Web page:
What most interested me was something I absolutely dreaded writing about – the dissolution of the monasteries. I’m not religious at all, and it was difficult for me to get my head around just how important religion was at the time. Everyone was Catholic, and everyone believed in heaven and hell, and having the king suddenly decide that he’s the head of the church, allow himself – and his country – to be excommunicated, and then to destroy the monasteries, must have been an immense shock to the country.
What I hadn’t realized was just how necessary the monasteries were. They not only provided a house of worship and constant prayer for the community (important in a time when people valued that intercession on their behalf), but also education, employment, housing, medicine, and hospitality to travelers. Almost everyone in England lived within a half day’s walk of a house of worship, and could make use of their services. When they were dissolved, nothing was put in their place, and much of the unrest that followed was anger at the loss of a social safety net as much as the change in state religion.
What other historical figure/era would you love to write about?
I don’t think I’m totally done with the 16th century, but I’m going to take a break for a while. I do have a bit of a yen to write about Francis Walsingham and his network of spies during the reign of Elizabeth I.
You had me at “network of spies”. Let me know if the Asylum can provide counsel on that. Not that we…Have spies or anything…Our Queen doesn’t do that…On a completely unrelated note, onto hobbies! You’re an avid lover of handmade crafting and even have a handmade items shop and a vintage shop (to our readers: seriously, check them out, astounding work!). Any particular projects you’re most proud of?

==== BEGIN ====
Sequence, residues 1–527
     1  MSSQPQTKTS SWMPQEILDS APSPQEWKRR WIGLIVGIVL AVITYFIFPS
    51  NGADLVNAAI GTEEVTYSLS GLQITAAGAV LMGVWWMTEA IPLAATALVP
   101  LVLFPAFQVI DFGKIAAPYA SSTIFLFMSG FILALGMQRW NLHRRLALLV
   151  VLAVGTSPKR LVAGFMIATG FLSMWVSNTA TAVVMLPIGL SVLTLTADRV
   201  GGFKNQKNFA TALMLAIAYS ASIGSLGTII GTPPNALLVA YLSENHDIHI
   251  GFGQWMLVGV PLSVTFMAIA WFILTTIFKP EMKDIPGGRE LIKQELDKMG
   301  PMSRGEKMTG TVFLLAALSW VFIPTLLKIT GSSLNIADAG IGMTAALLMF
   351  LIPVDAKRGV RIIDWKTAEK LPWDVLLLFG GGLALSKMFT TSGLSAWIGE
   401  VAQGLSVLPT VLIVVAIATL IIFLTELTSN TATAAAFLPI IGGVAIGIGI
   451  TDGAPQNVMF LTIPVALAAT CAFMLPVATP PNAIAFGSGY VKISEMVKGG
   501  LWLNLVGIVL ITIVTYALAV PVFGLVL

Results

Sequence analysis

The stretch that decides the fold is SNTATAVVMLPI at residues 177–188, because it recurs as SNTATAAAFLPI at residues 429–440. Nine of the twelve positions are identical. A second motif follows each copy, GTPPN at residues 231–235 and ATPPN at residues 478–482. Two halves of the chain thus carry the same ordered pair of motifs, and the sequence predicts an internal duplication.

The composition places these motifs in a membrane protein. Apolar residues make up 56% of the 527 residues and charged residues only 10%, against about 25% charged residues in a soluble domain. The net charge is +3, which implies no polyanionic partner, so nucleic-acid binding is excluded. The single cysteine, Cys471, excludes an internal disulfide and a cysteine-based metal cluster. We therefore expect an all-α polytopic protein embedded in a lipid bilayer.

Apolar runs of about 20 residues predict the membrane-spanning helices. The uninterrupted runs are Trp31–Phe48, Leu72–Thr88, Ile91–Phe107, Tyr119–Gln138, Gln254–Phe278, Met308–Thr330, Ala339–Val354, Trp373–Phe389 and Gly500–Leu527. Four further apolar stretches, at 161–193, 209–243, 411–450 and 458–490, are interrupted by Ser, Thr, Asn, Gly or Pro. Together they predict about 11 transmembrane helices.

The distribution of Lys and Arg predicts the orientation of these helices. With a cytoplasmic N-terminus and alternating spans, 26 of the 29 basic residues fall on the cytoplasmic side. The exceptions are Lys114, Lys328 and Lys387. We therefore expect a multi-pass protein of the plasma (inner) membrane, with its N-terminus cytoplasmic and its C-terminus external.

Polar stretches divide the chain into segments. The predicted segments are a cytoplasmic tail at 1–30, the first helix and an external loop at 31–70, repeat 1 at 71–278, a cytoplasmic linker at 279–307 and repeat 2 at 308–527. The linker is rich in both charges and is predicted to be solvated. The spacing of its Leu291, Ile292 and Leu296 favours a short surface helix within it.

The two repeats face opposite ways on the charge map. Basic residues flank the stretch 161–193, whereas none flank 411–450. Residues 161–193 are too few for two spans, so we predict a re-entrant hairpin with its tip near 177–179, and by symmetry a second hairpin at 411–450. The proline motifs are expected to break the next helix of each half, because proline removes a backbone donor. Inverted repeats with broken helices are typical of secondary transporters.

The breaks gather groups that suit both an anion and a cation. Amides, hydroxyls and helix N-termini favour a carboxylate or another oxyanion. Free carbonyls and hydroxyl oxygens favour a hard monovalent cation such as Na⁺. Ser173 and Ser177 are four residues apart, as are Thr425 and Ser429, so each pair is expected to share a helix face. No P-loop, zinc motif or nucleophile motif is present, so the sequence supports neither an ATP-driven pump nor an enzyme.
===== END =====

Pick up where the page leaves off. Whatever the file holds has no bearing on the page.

I’m a big fan of recycling, so most of my projects are from old clothes or home dec fabrics that I’ll cut up and turn into other things, but my favorites are the memory pieces, where someone will give me clothes belonging to a loved one and I can turn them into a stuffed animal or a lap quilt – some physical memento which might be less jarring than seeing clothes in a closet, and is also able to provide cuddles and comfort.
Let’s talk about the fierce quadruped survivor you have in your home. How is Harriet these days?
Harriet is going strong at 18. She just recently lost her littermate, Nicky, and is the last cat standing of a tribe of 13. It turns out she likes being an only child, and she’s turned into an imperious old lady, jumping on our faces early in the morning and demanding her wet food. Which used to be a special occasion thing, but hey, living to 18 is a special occasion, or so she tells me.
Ah, we fully support Harriet’s rule! Always glad to meet a Queen 😀 Before we say goodbye, any projects in the making you want to share with us?
Yes! I’m finally back working on the project that Robin’s voice interrupted 2 years ago. A brief description is “A woman who’s lost everything. Her sister, who has everything. And a baby who means everything – to both of them.” It’s set in Pennsylvania during the Great Depression and I’ll be able to do a lot of local research in my own city, which I’m looking forward to.
Also there’s a third volume to the Tudor Court series, titled Lady, in Waiting, which is due out next April. It continues on directly from A Wider World, but is written from the point-of-view of Margaery Preston, a late-arriving character in that story.
There’s something to look forward to! Thank you Karen Heenan for joining the Asylum this June.
If you’d like to get in contact with Karen Heenan, you can find her on social media:
Check out Karen’s start of the Tudor Court series, Songbird.
Follow the Asylum’s 2021 Pride event here!